Pierrepoint (a.k.a. Pierrepoint—The Last Hangman) (2007)
The new British indie Pierrepoint, co-produced by Masterpiece Theatre, bitterly regards the culture of capital punishment. Adrian Shergold's film is based on the true story of Albert Pierrepoint, who...
You Kill Me (2007)
A surprisingly resonant examination of getting sober, made amusing by [an] assassin's increasing honesty about his career.
Dreaming Lhasa (2007)
Dreaming Lhasa scores points simply for being the first film by Tibetans about contemporary Tibetan experience. Karma (Tenzin Chokyi Gyatso), a Tibetan documentarian living in New York, comes to Dhar...
is to recognize we're living in another golden age of American animation.
Eagle vs. Shark (2007)
In the case of Eagle vs. Shark, the crime in question is plagiarism. New Zealand director Taika Waititi brought his short film "Two Cars, One Night" to Sundance the same year that Napoleon Dynamite m...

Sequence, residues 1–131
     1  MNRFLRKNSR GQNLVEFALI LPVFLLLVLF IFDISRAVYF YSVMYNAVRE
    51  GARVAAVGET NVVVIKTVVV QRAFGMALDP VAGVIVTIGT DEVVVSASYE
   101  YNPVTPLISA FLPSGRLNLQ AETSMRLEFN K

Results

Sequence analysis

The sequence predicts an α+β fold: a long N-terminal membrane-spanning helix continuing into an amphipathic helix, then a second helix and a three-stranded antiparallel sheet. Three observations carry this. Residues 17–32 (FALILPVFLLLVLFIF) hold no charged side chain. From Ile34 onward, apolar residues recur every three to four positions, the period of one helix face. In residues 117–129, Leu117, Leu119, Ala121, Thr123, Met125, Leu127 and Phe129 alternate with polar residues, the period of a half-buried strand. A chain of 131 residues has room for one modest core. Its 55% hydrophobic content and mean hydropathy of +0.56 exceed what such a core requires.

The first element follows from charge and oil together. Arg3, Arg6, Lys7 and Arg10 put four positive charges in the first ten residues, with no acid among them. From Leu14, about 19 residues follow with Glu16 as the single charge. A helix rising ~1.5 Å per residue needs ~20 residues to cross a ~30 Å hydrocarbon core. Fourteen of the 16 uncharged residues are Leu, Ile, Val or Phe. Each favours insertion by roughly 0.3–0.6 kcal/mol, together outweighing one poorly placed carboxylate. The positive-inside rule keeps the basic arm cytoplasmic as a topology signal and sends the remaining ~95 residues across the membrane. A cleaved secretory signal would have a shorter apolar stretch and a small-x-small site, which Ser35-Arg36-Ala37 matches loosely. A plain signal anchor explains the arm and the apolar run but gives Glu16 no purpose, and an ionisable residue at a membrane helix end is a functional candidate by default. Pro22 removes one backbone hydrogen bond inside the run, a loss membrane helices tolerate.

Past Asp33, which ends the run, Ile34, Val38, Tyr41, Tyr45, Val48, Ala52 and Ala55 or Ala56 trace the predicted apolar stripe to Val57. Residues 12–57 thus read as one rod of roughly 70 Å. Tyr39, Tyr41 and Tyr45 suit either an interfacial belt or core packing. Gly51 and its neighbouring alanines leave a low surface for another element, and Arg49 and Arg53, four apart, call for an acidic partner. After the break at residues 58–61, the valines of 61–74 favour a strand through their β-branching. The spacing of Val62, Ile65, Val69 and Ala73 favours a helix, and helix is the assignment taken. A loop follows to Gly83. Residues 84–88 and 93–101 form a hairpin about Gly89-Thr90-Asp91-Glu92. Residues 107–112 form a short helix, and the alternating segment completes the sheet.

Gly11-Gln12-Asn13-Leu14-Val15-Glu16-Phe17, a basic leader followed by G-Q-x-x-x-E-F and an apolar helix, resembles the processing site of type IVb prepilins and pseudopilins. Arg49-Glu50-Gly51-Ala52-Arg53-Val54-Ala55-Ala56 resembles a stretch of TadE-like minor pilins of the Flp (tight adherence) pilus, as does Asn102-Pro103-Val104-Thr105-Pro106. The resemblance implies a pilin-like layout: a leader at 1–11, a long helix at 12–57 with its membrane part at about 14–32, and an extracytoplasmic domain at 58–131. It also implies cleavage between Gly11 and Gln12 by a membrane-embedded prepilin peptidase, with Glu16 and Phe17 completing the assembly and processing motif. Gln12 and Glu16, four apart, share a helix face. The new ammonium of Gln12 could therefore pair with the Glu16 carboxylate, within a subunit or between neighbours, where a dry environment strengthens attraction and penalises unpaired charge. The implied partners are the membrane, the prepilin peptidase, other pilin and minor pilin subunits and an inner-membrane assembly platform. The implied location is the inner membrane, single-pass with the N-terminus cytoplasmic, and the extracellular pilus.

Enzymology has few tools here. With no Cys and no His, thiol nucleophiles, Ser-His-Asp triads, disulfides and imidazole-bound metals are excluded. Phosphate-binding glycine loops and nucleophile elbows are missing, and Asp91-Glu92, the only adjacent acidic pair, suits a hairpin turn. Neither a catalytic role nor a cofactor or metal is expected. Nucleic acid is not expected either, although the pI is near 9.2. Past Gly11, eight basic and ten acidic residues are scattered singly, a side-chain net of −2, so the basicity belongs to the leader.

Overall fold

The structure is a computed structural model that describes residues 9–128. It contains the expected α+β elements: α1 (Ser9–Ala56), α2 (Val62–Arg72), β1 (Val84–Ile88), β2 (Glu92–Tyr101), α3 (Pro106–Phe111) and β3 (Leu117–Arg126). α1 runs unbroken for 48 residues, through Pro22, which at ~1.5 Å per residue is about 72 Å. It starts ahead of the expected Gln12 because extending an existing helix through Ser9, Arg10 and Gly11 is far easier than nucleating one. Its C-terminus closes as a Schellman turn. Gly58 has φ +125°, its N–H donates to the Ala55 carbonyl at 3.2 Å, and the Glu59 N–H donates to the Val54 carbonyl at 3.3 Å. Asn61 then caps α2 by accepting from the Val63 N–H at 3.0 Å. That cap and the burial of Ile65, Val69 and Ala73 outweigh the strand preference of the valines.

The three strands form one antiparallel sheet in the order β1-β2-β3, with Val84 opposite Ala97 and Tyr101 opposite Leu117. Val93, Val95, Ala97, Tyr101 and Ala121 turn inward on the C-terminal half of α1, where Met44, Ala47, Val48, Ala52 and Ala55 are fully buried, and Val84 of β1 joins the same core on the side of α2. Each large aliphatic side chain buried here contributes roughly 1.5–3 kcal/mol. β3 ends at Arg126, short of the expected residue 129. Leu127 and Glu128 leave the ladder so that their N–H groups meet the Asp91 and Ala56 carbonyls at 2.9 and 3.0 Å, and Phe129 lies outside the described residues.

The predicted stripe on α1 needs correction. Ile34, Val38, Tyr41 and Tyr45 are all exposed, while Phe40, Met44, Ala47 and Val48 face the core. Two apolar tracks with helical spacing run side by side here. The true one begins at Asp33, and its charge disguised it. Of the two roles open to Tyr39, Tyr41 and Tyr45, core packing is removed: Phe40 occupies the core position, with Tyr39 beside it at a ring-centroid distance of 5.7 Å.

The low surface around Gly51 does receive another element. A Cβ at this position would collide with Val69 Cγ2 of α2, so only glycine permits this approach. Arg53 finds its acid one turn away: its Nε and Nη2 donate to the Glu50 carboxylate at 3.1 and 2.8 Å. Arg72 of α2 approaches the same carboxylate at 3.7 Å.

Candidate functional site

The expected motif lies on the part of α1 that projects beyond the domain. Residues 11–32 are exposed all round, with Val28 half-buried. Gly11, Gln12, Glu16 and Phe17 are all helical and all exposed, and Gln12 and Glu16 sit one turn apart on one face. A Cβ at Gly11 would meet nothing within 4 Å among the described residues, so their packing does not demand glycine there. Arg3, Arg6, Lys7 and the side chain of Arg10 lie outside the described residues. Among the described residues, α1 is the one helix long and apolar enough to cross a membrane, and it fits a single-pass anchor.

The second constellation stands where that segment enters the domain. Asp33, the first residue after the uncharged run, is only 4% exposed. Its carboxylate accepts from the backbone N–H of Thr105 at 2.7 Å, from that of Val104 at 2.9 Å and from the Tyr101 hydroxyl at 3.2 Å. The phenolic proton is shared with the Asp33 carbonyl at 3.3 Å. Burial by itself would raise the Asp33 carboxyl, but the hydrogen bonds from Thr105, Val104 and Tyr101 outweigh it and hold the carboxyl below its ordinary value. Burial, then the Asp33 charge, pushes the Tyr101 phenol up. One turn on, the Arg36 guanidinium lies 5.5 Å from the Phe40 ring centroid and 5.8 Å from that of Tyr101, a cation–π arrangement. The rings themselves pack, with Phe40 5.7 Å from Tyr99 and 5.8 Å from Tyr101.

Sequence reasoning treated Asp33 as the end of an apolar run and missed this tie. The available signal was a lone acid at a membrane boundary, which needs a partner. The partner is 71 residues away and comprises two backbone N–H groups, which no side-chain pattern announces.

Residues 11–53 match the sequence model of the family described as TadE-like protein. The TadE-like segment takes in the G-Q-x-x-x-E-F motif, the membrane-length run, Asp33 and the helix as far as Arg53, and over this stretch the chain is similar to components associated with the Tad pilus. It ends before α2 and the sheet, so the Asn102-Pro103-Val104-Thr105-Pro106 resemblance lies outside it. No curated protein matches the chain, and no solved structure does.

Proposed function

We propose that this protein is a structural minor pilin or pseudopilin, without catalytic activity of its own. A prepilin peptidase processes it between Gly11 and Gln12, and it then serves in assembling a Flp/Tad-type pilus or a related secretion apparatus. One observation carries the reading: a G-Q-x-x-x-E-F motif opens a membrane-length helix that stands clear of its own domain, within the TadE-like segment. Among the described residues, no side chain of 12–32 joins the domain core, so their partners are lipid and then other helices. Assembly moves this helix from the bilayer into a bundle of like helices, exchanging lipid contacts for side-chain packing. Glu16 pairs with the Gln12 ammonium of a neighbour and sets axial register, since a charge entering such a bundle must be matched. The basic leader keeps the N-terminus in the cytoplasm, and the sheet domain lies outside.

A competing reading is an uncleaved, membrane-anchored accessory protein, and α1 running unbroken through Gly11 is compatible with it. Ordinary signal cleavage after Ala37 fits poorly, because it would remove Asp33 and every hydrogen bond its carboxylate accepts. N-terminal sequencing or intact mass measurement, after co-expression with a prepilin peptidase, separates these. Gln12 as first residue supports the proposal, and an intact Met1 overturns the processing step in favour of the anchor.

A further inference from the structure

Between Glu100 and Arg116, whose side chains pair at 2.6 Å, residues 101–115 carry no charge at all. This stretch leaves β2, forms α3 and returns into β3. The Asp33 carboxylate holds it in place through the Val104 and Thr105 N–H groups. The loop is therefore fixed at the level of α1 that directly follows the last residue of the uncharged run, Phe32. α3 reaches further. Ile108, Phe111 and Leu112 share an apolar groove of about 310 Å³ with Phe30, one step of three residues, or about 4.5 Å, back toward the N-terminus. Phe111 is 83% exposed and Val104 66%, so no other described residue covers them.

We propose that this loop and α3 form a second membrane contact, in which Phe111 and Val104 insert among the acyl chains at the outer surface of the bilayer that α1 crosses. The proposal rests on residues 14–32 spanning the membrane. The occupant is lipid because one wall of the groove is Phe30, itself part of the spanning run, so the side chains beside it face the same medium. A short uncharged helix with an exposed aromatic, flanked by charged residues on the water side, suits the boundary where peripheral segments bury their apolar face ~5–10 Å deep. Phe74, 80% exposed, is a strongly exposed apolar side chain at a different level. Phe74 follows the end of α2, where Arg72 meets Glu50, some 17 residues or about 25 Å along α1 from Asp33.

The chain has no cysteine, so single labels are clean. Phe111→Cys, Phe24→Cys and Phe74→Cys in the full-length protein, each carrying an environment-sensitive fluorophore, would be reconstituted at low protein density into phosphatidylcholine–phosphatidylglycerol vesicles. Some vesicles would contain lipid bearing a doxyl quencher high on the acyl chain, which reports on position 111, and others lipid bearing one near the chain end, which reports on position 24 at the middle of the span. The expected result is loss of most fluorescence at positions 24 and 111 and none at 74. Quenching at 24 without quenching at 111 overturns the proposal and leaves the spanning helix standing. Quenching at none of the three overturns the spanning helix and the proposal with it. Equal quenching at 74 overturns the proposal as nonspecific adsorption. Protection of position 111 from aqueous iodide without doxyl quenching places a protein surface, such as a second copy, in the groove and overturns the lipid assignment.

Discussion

Evan Almighty (2007)
Will presumably charm wee ones, and...go over like gangbusters with the holy rollers, but others may notice this comedy of faith skimps on the comedy.
Ocean's Thirteen (2007)
Soderbergh can no more put the fizz back in his flat bubbly than one can put a genie back in a bottle, but at least
can still give you a light buzz.
In this soft-spoken satire, writer-director Andrew Currie and co-writer Robert Chomiak imagine the '50s if every household had an enslaved zombie servant, and little Timmy (chipper child star K'Sun R...
Race You to the Bottom (2007)
Race You to the Bottom tells an only-in-California story: partly because it primarily takes place in Napa Valley, and partly because it's about a sexual relationship between a gay man and a straight...
Fantastic Four: Rise of the Silver Surfer (2007)
A reading from the Books of Marvel...And the Surfer passed through buildings and buses with a squish...And Twentieth Century Fox said that it was good.
Crazy Love (2007)
Klores tells this story as well as its ever likely to be told...[and] as stories go, this one's a doozy.
Coeurs (a.k.a. Private Fears In Public Places) (2007)
Believe in forgiveness comes dropping slow on the characters, in the form of a snowfall that's possibly redemptive, but also cold.
Nancy Drew (2007)